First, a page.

LOUISVILLE, Ky., (WDRB) – Attorneys for an alleged victim of sexual abuse by two former Louisville Metro Police officers and lawyers representing the city, police and others have filed notice they have agreed to move a lawsuit alleging a “massive cover up” of crimes in the department’s youth Explorer program from state to federal court.

The lawsuit, which was filed last year in Jefferson Circuit Court, is being moved to U.S. District Court because an amendment to the suit adds alleged federal violations, including civil rights issues, according to court records.

The case was moved to federal court on March 12, according to records.

The amended complaint also adds a new plaintiff, Learning for Life, an affiliate of Boy Scouts of America, which operates the Explorer programs.

In the lawsuit, a former Explorer identified only by the initials N.C., claims former officers Brandon Wood and Kenneth Betts sexually abused him while he was in the program between 2011 and 2013. Another former officer, Curtis Flaherty, is accused of covering up the abuse. The Boy Scouts and Lincoln Heritage Council are also named as defendants. 

Four other similar lawsuits have been filed, though they remain sealed.

Metro Government has provided seven possible defenses, including that the city had "no control," responsibility or liability for any of N.C.'s alleged damages.

And the city filed a cross-claim against Betts and Wood, arguing it should not have to pay any damages stemming from alleged illegal acts by the former officers.

The initial suit alleges that Wood and Betts molested, abused and raped the teen and recorded the sexual acts.

In addition, police officials are accused of concealing evidence of the conduct by intimidation, destruction of evidence, deletion of information and refusal to comply with the Kentucky Open Records Act, as well as conspiracy to cover up the wrongdoing, according to the suit.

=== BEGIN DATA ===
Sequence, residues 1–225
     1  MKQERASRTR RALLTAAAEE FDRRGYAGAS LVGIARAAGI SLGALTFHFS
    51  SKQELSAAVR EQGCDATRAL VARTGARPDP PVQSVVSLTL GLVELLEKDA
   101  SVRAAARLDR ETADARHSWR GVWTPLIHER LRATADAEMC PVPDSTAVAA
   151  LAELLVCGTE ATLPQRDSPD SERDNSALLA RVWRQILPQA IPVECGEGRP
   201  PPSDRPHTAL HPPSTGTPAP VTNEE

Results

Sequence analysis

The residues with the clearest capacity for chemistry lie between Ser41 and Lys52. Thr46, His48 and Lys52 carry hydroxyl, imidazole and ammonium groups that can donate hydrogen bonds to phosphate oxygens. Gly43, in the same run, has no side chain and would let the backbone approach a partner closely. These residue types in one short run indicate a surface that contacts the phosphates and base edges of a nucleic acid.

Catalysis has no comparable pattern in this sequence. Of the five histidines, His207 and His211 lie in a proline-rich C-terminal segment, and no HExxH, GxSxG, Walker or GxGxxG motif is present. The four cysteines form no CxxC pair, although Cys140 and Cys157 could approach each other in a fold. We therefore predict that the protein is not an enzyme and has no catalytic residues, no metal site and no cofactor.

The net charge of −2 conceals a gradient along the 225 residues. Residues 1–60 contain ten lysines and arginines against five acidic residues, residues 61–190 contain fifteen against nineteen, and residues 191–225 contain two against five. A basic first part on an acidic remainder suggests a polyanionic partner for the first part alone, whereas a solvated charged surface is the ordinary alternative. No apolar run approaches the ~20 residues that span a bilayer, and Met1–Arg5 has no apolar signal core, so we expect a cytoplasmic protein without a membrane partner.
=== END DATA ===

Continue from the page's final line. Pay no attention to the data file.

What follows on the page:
Police are also accused of falsifying reports, deleting phone records and audio files and destroying other records.

Allegations against Betts date from as early as 2013, when a 16-year-old girl claimed the officer texted her shirtless pictures of himself and asked to meet her and "make out."

During that internal police investigation, a male teen told police that Betts offered him money for sex and promised to take care of a traffic citation in exchange for sexual favors.

The internal investigation by the department's professional standards unit found that Betts violated police procedures but committed no criminal acts involving the girl.

There was no investigation into the male teenager's allegations, and Betts avoided any discipline by leaving the department in April 2014.

Police Chief Steve Conrad closed that case "by exception" when Betts resigned, saying "no further action need be taken."

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